Eryseng (Erysipelothrix rhusiopathiae, strain...) - QI09AB03
Updated on site: 09-Feb-2018
|Substance:||Erysipelothrix rhusiopathiae, strain R32E11 (inactivated)|
|Manufacturer:||Laboratorios HIPRA, S.A.|
- What is Eryseng?
- How does Eryseng work?
- How has Eryseng been studied?
- What benefit has Eryseng shown during the studies?
- What is the risk associated with Eryseng?
- What are the precautions for the person who gives the medicine or comes into contact with the animal?
- What is the withdrawal period?
- Why has Eryseng been approved?
Swine erysipelas vaccine (inactivated)
This document is a summary of the European Public Assessment Report. Its purpose is to explain how the assessment done by the Committee for Medicinal Products for Veterinary Use (CVMP) on the basis of the documentation provided, led to the recommendations on the conditions of use.
This document cannot replace a
What is Eryseng?
Eryseng is a veterinary vaccine that contains inactivated (killed) Erysipelothrix rhusiopathiae bacteria. It contains a bacterial strain called R32E11. Eryseng is available as a suspension for injection.
What is Eryseng used for?
Eryseng is used to protect male and female pigs against swine erysipelas caused by Erysipelothrix rhusiopathiae bacteria of specific types called serotype 1 and serotype 2. Swine erysipelas is a bacterial disease of pigs characterised by sudden death, fever associated with diamond skin lesions, arthritis and by abortion in pregnant sows.
The vaccine is given to pigs from six months of age as an injection into the neck muscles, repeated after three to four weeks. A single injection is given two to three weeks before each mating so approximately every six months.
How does Eryseng work?
- Eryseng parvo - porcine parvovirus, strain nadl-2 and erysipelothrix rhusiopathiae, strain r32e11 (inactivated)
Prescription drugs listed. Substance: "Erysipelothrix rhusiopathiae, strain R32E11 (inactivated)"
Eryseng is a bacterial vaccine. Vaccines work by ‘teaching’ the immune system (the body’s natural defences) how to defend itself against a disease. When Eryseng is given to pigs the animals’ immune system recognises the bacteria as ‘foreign’ and makes antibodies against them. In the future, if the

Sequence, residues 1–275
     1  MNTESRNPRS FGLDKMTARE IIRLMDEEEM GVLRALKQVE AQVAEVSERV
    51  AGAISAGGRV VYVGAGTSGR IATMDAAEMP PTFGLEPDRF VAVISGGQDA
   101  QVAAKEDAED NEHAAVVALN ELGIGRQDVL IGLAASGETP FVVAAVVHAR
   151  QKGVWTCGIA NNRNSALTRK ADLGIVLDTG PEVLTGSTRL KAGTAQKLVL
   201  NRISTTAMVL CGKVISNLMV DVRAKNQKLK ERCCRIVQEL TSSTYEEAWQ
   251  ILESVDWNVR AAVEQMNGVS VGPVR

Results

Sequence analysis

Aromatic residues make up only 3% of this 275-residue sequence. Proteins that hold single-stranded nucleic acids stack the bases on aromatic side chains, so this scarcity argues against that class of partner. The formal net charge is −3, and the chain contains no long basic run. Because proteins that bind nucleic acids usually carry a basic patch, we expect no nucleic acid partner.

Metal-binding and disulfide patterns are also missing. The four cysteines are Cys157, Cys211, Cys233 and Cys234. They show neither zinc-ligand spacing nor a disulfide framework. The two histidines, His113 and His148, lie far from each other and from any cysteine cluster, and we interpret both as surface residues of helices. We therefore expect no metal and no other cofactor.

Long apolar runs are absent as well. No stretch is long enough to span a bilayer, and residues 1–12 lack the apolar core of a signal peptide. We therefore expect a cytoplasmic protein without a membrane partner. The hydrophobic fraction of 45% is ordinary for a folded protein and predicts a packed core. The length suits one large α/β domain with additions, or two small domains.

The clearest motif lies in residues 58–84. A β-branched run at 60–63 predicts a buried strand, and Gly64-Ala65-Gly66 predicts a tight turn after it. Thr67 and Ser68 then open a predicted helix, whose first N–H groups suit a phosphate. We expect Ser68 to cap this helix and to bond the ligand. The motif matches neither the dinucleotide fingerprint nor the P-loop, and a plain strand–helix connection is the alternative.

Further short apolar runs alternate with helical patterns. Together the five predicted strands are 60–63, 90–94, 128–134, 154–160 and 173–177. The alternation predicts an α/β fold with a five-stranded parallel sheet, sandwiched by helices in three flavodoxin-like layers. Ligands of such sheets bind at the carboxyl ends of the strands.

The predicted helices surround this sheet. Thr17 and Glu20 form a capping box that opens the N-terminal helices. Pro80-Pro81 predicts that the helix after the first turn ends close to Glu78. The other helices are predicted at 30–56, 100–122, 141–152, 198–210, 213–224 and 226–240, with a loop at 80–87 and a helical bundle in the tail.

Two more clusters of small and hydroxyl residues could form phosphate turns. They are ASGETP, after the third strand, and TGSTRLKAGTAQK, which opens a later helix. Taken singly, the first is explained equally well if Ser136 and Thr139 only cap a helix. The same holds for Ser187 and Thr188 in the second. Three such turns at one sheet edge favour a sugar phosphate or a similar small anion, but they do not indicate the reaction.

animals are exposed to Erysipelothrix rhusiopathiae bacteria, the immune system will be able to respond more quickly. This will help protect them against swine erysipelas.
Eryseng contains an adjuvant (aluminium hydroxide,
How has Eryseng been studied?
In a laboratory study involving 40 pigs, 30 pigs were vaccinated with two doses, separated by three weeks, while a control group of 10 pigs received placebo (dummy treatment). All pigs were challenged 22 days after the second vaccination dose with injections of the bacteria Erysipelothrix rhusiopathiae serotypes 1 and 2. The measure of effectiveness was the percentage of vaccinated pigs free from specific (diamond shaped) skin lesions at the challenge site.
A second laboratory study involved 15 gilts (female pigs that have not yet had piglets) which were vaccinated according to the basic vaccination schedule with a booster dose six months later. The pigs were challenged a further six months later with injections of the bacteria Erysipelothrix rhusiopathiae serotypes 1 and 2 and the measure of effectiveness was the percentage of pigs protected by vaccination.
What benefit has Eryseng shown during the studies?
The first laboratory study showed 90% (27 out of 30) of vaccinated pigs were protected against Erysipelothrix rhusiopathiae serotype 1 remaining free of specific skin lesions whilst 93% (28 out of 30) of vaccinated pigs were protected against Erysipelothrix rhusiopathiae serotype 2 remaining free of specific skin lesions. In the control group more than 80% of pigs showed specific skin lesions. The onset of immunity was shown to be three weeks.
The second laboratory study showed 93% (14 out of 15) of pigs were protected against challenge with Erysipelothrix rhusiopathiae serotypes 1 and 2. The duration of protection was confirmed to be six months.
What is the risk associated with Eryseng?
The most common side effect (seen in more than 1 in 10 pigs) with Eryseng is mild to moderate inflammation at the injection site, which typically resolves within four days but in some cases may persist for up to 12 days
What are the precautions for the person who gives the medicine or comes into contact with the animal?
In case of accidental
What is the withdrawal period?
The withdrawal period is the time allowed after administration of the medicine and before the animal can be slaughtered and the meat used for human consumption. The withdrawal period for Eryseng is zero days.
Why has Eryseng been approved?
The Committee for Medicinal Products for Veterinary Use (CVMP) concluded that the benefits of Eryseng exceed the risks for the approved indication and recommended that Eryseng be given a marketing authorisation. The
Other information about Eryseng:
The European Commission granted a marketing authorisation valid throughout the European Union, for Eryseng on 4 July 2014. Information on the prescription status of this product may be found on the label/outer package.
This summary was last updated in May 2014.